From yesterday, 24 February 2022, the legal requirement to isolate if experiencing COVID-19 symptoms or testing positive came to an end as part of the next phase of the Government’s response to COVID-19.
However, it is important that Knowsley residents remember that the virus is still circulating and that we have a role to play in protecting our community, in particular our more vulnerable family and friends.
Cllr Christine Bannon, Cabinet Member for Health, said: “COVID-19 has not gone away and rates in Knowsley remain high. It is therefore vital we all take steps to keep our community safe and reduce the spread of the virus where possible.
“Although there is no longer a legal requirement to isolate, I urge anyone with COVID-19 symptoms to limit their contact with others and access free testing while it remains available. I would also urge anyone who has tested positive to stay at home, where possible.
“The vaccine remains our best form of protection against the virus, so please get vaccinated. If you’ve not yet had any vaccine, it’s not too late to get vaccinated. There are still clinics taking place across the borough and more can be found on the NHS.gov website. You can also contact your GP to make a vaccination appointment.
“Moving forward, we must all play our part in keeping Knowsley safe.”
What should I do if I have COVID-19 symptoms?
If you are experiencing one of the main COVID-19 symptoms (loss of taste or smell, a new continuous cough or high temperature), you are advised to stay at home, avoid contact with other people and book a PCR test (these will remain available until 1 April 2022).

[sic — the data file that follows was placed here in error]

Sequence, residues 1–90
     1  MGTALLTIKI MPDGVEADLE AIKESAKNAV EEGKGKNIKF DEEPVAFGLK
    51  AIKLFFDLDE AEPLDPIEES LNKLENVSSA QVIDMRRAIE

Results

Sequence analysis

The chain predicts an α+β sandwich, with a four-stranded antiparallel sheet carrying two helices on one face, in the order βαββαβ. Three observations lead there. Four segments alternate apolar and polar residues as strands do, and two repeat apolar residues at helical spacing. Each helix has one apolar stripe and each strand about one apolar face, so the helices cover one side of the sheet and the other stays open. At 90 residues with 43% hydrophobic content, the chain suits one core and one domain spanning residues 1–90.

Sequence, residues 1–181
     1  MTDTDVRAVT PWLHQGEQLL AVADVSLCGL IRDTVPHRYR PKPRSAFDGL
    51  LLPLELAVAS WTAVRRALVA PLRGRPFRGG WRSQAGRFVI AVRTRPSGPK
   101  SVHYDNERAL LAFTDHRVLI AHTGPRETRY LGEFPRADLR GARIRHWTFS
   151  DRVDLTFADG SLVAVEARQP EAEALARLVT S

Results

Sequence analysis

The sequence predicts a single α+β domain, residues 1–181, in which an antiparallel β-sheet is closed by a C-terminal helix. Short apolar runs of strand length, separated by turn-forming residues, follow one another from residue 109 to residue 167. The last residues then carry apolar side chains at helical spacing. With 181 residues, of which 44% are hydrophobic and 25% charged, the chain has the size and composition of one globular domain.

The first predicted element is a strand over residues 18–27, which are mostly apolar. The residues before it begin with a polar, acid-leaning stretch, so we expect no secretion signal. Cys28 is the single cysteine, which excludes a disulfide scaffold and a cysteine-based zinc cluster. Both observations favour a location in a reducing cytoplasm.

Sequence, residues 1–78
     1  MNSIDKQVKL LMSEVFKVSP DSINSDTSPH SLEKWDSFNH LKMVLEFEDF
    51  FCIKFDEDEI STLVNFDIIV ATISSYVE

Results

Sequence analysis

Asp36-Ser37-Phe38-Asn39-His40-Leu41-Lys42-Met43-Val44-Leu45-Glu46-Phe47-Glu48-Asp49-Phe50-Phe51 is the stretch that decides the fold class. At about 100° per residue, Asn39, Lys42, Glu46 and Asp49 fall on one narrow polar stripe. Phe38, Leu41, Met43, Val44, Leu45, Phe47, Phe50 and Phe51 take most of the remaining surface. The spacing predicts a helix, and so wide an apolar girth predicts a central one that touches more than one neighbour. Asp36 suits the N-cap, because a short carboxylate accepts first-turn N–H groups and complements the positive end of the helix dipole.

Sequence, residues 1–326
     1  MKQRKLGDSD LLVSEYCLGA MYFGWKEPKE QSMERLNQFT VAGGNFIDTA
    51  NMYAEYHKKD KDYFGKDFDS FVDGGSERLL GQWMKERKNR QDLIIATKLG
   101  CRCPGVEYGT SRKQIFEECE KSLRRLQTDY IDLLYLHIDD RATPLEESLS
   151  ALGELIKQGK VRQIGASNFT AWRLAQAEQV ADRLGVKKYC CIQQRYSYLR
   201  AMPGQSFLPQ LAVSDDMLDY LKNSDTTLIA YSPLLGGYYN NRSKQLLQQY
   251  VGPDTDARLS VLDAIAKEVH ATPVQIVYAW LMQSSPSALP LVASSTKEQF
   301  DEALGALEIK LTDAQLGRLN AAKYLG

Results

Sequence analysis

There is no legal requirement to isolate. However, isolating will help reduce the risk of spreading the virus and help keep Knowsley safe. You can book a PCR test through www.gov.uk/get-coronavirus-test or ring 119.
What should I do if I have tested positive for COVID-19?
If you test positive for COVID-19 (by LFD or PCR test) you are advised to stay at home and avoid close contact with other people for at least 5 days. You can safely return to your normal routine if you receive two negative lateral flow (LFD) tests on consecutive days from day 5 onwards. However, you should continue to avoid meeting higher risk people for 10 days.
What should I do if I am a close contact?
Contact Tracing is no longer in place. If you test positive, it is important that you contact any close contacts who can then take additional precautions and follow guidance.
People who live with or have stayed overnight in a household of someone with COVID-19 are at most risk due to prolonged contact.
Household members should, where possible, minimise contact with the person who has COVID-19, avoid contact with anyone who is vulnerable, limit contact with people outside their household, wear a face covering in any crowded, enclosed or poor ventilated areas and remain vigilant to symptoms.
What support is available?
Up to 24 March 2022, eligible individuals with COVID-19 who cannot attend work will still be able to claim statutory sick pay from the first day of their absence.
What steps can I take to keep safe?
The best way of protecting yourself against the virus is to get vaccinated. If you’ve not had the vaccine yet, its not too late and if you’re still waiting on your 2nd or booster doses, get them done as soon as you can. You can find your nearest clinic online at www.gov.uk/coronavirus or call 119.
To help reduce the spread of COVID-19, you should continue to follow the preventative measures we introduced over the last two years. We know that they work. This includes:
- Limiting contact with others and staying at home if you have symptoms, or test positive
- Regular hand washing
- Wear a face covering in crowded and enclosed spaces
- Continue to keep rooms well ventilated